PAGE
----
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September 17, 1787.  Two hundred and twenty six years ago. Just over a decade after a group of brave Americans declared to the world that the time had come to “dissolve the political bands” which connected them to Great Britain, this new nation operating under the Articles of Confederation sent representatives to a convention in an effort to improve upon those Articles. What resulted was actually a new document – an incredibly important one – that would provide a framework for how this young Republic would be governed forever.

In the Declaration of Independence we find the very reason the Constitution was necessary, and we find in both documents a surpassing wisdom that has protected liberty for more than two centuries. In fact, in a part of the Declaration that almost everyone can quote, the Founders said, “We hold these truths to be self-evident, that all men are created equal, that they are endowed by their Creator with certain unalienable Rights, that among these are Life, Liberty and the pursuit of Happiness.” While some may disagree about the specific faith of our Founding Fathers, it is hard to deny they had a deeply held conviction that God had created man, that He had created them equal, and that He had blessed them with certain rights. Government did not grant rights to its citizens. No, that was done by a much higher power, and government merely existed to protect those rights. In fact, one need look at the very next sentence to see their view of just how limited a purpose government should have: “That to secure these rights, Governments are instituted among Men, deriving their just powers from the consent of the governed…” They believed in these truths so strongly that they had just risked their lives and well-being fighting a war to be free from a government they believed had overstepped its bounds. Therefore, just over a decade later, they would do their very best to draft a Constitution that would make it very difficult for government to run amok.

Last night I had the pleasure of meeting George Will on the campus of Harding University in Searcy, Arkansas. During his presentation there, he alluded to the Founders’ desire to make it difficult to pass laws and how the Constitution was purposely drafted with that in mind. The Constitution established a series of checks and balances, all aimed at making sure that power could not be concentrated and abused. For example, the same law must pass by a majority vote in two separate chambers, and the members of those chambers serve different constituencies and differing lengths of terms. Even after they pass the law, it must be signed by an executive with a different political constituency. The judicial branch was also designed to provide still another check in the process. After outlining this design, Will made the fascinating observation, “Gridlock is not an American problem. It is an American achievement.”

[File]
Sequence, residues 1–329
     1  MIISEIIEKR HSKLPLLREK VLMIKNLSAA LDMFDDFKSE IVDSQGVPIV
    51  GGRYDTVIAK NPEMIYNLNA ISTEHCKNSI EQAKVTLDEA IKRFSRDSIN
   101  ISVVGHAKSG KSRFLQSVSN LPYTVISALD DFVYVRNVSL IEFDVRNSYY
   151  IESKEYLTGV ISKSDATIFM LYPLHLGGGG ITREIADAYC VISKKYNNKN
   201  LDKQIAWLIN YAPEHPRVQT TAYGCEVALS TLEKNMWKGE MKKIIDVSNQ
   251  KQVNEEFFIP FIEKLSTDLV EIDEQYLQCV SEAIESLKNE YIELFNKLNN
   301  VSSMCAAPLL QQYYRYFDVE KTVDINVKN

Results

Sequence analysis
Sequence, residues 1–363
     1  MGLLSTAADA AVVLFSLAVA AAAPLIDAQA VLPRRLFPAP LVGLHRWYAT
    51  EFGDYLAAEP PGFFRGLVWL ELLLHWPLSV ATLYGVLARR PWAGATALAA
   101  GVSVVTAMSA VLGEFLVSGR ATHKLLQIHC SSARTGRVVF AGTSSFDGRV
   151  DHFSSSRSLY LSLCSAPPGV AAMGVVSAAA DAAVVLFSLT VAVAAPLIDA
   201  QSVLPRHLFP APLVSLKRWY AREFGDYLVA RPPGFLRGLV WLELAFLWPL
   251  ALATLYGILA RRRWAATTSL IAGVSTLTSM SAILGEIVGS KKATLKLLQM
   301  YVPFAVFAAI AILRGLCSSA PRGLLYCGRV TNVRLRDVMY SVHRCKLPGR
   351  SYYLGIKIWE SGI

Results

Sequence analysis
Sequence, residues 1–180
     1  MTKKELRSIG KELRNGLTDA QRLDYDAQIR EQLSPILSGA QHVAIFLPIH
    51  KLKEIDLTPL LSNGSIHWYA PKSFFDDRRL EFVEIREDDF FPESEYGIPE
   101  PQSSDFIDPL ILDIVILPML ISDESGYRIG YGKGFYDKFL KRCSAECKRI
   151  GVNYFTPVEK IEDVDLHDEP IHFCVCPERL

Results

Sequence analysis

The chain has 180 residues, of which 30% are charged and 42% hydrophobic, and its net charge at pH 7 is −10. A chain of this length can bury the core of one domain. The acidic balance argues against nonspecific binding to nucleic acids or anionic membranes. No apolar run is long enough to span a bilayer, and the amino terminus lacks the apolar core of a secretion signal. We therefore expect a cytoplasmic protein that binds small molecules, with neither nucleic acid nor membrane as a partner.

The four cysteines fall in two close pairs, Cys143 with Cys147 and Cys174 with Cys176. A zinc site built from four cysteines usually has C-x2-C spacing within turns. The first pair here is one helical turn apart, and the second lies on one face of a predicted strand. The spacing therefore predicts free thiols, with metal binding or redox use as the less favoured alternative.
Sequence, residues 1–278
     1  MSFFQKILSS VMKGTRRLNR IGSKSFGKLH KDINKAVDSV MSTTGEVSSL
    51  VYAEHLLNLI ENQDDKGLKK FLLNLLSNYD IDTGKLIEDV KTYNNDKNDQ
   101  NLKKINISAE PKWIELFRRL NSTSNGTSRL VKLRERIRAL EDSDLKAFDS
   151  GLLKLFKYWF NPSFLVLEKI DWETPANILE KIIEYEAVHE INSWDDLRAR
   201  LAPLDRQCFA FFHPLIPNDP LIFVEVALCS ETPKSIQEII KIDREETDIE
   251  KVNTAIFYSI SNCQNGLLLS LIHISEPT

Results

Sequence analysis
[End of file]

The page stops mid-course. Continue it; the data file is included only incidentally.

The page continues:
I have to admit I chuckled at that thought before settling on just how profound it is. In today’s world, the political class in both parties often bemoans the process and how Washington can’t get anything done. I submit to you (and I think George Will would agree) that this is precisely the point. Our founders knew that governments will naturally want to grow and that people serving in those governments can sometimes forget whom they serve. Therefore, they designed a system that would intentionally be difficult to navigate. Only in modern times have we distorted that system by allowing the proliferation of federal agencies which wield power delegated to them by Congress and by allowing the executive branch to go unchecked in its use of executive power.

Is our system broken? By no means. That is the beauty of the founding wisdom of this nation. Our constitution contains the tools needed to keep the Republic – it merely requires that We The People pay attention and stay involved in the process. As we celebrate the anniversary of the signing of our Constitution today, may we fully appreciate that it is the foundational document for the liberty we enjoy today. May we also remember that – as frustrating as the process in Washington, D.C. may be at times – the power still lies with the people, and it is up to us to hold our elected officials accountable. Happy Constitution Day from OCPA!

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